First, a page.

We will first present experimental evidence for the claim that gestures are non-at-issue and look at experimental options to test for this hypothesis. Then we will contrast the different predictions of Ebert & Ebert as opposed to those of Schlenker and present preliminary results of a pilot study that tests for these predictions. Finally, we will look at two studies that aim at testing for perspective taking and viewpoint shift via manipulation of overt viewpoint gestures. One study investigates context shift in free indirect discourse, the other possibilities of perspective change within a sentence.
Embedded iconicity — what computational studies reveal about co-speech iconic gestures
In this talk, I will present several approaches to study iconic co-speech gesture using computational methods. This will include (1) analyses of crowd-sourced rating data to investigate the multi-functionality of gesture, (2) perceptual experiments with synthetic gesture generate with embodied artificial agents, and (3) computations models of the production of speech and gesture to unravel the underlying cognitive processes and mechanisms.
Constructing Meaning at the Interface between Sign and Gesture
Sign language and gesture share the same visual-gestural modality. Therefore, signers – like speakers – cannot only use co-speech gestures accompanying utterances but also – unlike speakers – systematically integrate manual and non-manual gestures in various ways into utterances. A particularly interesting example for the systematic interaction of gesture and sign language is constructed action (i.e. action role shift), which has been the focus of much debate in recent literature on meaning and modality. In this presentation, I'll discuss various examples of gestural meaning components that are integrated into the proposition expressed by the utterance and show how recent accounts of action role shift (Cormier et al. 2015, Davidson 2015, Maier 2015, Herrmann/Pendzich 2018, Schlenker to appear-a,b) can explain the modality-specific interaction of gesture and sign.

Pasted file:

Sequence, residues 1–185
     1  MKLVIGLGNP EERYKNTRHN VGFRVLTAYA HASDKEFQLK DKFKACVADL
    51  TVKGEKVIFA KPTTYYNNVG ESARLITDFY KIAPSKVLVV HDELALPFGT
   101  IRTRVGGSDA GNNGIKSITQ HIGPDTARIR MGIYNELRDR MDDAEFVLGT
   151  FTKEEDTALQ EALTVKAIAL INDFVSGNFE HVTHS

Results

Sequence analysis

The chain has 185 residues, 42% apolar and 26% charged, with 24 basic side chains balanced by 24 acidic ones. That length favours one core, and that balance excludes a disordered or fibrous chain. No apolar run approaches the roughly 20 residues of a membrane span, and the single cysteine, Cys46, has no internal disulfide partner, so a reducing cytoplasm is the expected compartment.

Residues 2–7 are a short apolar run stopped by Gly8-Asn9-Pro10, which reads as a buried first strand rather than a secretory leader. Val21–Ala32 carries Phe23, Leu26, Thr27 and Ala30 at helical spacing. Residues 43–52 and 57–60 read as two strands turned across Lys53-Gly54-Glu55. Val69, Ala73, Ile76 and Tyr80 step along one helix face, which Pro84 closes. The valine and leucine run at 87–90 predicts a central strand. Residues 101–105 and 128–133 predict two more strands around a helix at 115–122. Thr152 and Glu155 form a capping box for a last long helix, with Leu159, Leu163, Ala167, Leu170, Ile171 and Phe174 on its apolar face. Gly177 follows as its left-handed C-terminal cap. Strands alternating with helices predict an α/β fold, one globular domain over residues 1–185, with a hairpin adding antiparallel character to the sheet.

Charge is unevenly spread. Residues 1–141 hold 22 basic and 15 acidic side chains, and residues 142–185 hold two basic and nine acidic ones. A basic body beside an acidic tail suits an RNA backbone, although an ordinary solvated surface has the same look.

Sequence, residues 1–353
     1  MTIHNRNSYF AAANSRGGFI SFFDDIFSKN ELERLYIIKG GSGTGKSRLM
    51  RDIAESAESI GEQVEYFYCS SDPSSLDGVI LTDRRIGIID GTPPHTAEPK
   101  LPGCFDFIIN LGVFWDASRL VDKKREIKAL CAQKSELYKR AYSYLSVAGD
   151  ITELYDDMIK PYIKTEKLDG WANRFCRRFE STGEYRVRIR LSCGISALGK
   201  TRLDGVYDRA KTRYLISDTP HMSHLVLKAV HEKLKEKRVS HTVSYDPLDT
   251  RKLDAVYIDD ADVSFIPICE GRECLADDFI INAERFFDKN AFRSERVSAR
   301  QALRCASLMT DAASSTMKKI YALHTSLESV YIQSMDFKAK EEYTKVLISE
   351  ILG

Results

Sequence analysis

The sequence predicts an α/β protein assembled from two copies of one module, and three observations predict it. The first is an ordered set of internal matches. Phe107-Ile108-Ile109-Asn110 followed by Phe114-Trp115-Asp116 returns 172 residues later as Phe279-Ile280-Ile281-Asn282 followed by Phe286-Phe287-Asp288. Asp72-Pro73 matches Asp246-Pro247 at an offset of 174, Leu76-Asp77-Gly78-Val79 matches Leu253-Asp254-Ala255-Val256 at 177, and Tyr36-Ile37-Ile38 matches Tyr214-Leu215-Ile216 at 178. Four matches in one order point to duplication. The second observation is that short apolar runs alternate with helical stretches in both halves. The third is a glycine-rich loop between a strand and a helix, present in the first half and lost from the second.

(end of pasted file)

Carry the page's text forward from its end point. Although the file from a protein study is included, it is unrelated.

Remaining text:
Where is iconicity and why isn’t there more of it?
More and more studies show that spoken and signed languages harbor a considerable degree of iconicity, form-meaning mappings that are motivated by resemblance, such as the word “bang”, which sounds somewhat like an actual bang. In this talk, I will consider iconicity as a graded quantity, with certain words being more or less iconic. Rather than asking the question, “Are languages iconic or arbitrary?”, I will be asking, “Where is iconicity?” Using English iconicity scores from a rating study, I will show that iconicity is ramped up in children’s speech and the child-directed speech of adults. I will then show that iconicity is also heightened in perceptual language, in particular for sound words (“squealing”, “beeping”, “rustling”) and touch words (“rough”, “smooth”, “prickly”). These analyses of the distribution of iconicity within language also help us understand why languages are characterized by a lot of arbitrariness. In particular, I will argue that it is precisely the connection between iconicity and perceptual semantics which restricts its domain of use. To this end, I will report new quantitative evidence which shows that iconicity is inimical to abstraction in language.